Spotlight on DiscoverE
DiscoverE is a coalition providing every student with a shared STEM experience and the resources, programs, and connections to improve the understanding of engineering through a united voice and a global distribution network. DiscoverE is the backbone organization behind Engineers Week™ (established 1951), Introduce a Girl to Engineering Day™ (2001), World Engineering Day (2016, formerly known as Global Day of the Engineer), the Persist Series (2005), and the Future City Competition™ (1993). DiscoverE programs and resources have been adopted by individuals and organizations around the globe.
The Persist Series is a worldwide monthly conversation series building community to help women persevere and thrive in engineering and tech careers. How has the Persist series helped women stay and advance in these challenging fields?
To address the challenge of keeping and advancing women in the workplace, DiscoverE completed a research review (Despite the Odds: Young Women Who Persist in Engineering) to identify the factors that help women stay in the field. After this study came out, DiscoverE revamped the Global Marathon into the Persist Series to thrive and survive in the field by creating an online community that provided them a place of belonging, an opportunity to grow their social capital, and learn, nurture and lean on their support networks. In the words of one participant, “I’ve never had the chance to connect with diverse women leaders like this, sharing struggles like the rest of us but finding ways to shine in their careers. We need this.”
The theme for this year’s Persist series is “Reimagine The Possible: Conversation And Community For Women In E+T.” Dr. Paige Brown, an engineer, educator, and author of Conqueror: A Black Woman’s Guide to Conquering Challenges in the Workplace, was a Persist speaker earlier this month. Currently the Diversity, Equity, Inclusion, and Accessibility officer for the US Department of Labor, she talked about adversity she faced earlier in her career and the strategies she used to conquer those challenges. You can watch the webinar at: https://youtu.be/w4a9ChUcKX8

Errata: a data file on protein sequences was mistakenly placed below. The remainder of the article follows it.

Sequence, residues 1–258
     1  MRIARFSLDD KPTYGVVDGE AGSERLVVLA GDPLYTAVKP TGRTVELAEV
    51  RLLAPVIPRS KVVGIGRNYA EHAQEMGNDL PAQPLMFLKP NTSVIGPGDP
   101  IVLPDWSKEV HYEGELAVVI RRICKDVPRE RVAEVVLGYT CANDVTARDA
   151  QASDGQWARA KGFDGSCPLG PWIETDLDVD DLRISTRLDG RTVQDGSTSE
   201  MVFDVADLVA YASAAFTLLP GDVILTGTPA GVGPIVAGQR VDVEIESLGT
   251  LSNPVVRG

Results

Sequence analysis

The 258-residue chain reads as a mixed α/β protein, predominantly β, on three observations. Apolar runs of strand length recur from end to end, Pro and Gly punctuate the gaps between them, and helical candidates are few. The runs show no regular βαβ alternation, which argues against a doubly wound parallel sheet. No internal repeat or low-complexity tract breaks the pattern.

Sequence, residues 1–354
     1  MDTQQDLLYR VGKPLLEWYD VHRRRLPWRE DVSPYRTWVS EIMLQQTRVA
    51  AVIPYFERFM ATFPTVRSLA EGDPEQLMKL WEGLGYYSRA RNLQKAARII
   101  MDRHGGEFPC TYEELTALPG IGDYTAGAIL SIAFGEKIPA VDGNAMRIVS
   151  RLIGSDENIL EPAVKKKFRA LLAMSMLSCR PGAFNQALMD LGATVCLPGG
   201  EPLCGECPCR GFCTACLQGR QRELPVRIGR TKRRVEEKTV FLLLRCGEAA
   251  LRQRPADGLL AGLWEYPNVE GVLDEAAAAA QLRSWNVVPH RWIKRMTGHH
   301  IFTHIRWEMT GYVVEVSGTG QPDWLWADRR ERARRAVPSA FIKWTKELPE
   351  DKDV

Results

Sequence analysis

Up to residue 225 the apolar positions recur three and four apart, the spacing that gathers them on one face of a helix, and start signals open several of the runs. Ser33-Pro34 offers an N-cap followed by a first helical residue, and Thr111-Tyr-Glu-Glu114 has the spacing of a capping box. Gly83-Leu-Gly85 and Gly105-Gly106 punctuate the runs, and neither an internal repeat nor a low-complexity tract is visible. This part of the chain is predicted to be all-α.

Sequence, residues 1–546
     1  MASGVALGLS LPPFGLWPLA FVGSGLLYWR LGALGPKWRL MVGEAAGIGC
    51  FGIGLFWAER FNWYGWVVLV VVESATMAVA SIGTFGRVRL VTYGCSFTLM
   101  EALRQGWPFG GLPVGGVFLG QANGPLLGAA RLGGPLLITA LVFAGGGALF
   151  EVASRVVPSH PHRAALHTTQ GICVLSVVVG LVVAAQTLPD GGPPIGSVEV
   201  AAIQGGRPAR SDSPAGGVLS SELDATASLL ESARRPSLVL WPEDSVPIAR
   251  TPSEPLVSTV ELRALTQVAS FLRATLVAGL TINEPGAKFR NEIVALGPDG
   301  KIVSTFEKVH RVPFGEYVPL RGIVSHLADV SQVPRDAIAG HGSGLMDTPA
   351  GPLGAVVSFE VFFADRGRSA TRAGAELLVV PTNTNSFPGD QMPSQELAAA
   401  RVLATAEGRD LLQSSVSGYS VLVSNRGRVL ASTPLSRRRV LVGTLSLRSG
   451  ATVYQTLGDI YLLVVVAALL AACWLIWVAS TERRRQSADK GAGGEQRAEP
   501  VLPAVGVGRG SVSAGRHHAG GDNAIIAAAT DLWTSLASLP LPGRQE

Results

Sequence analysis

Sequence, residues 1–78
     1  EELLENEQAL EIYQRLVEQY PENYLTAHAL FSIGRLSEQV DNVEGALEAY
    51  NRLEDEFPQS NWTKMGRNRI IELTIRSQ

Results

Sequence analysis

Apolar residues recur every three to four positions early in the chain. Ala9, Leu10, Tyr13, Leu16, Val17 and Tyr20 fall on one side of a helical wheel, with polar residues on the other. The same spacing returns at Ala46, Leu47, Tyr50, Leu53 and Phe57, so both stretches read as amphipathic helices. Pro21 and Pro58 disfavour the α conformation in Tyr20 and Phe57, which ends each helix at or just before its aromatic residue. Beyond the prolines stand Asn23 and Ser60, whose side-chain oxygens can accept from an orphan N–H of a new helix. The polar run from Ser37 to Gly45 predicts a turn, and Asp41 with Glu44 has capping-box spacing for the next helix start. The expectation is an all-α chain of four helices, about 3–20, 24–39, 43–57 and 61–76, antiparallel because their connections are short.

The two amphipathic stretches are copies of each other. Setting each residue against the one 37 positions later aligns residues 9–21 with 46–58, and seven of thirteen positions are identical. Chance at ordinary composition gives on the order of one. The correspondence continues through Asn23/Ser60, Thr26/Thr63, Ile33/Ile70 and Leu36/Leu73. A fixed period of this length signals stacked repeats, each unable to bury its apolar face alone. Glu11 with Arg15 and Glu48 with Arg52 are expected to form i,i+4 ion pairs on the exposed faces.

DiscoverE’s website has a section dedicated to explaining different types of engineering and engineering careers. Do students have narrow views of what an engineer does, and how do you combat that view?
Yes, most people believe engineers sit alone doing math problems all day. This is because most students do not have many opportunities to meet an engineer, technologist, or technician. DiscoverE works with our coalition partners to encourage and train STEM volunteers to visit classrooms and after school programs to share what they do and show how engineering aligns with their values of making a difference while also making a good income.
DiscoverE’s programs cover pre-k to the workforce. How do you make sure you’re communicating effectively with such a wide-ranging audience?
While we cover a wide range of ages and stages of growth and understanding, we tailor our materials for each specific group. An example of this is the ability to filter DiscoverE's STEM activities based on age, topic, and engineering discipline. We also offer trainings and materials specific to different audiences and goals.
DiscoverE has identified four key interventions that work together to build a child’s STEM identity: engineering messages to share, engineering design process, leading STEM activities, and being a role model. Why are these particular interventions essential, and what was the research process like?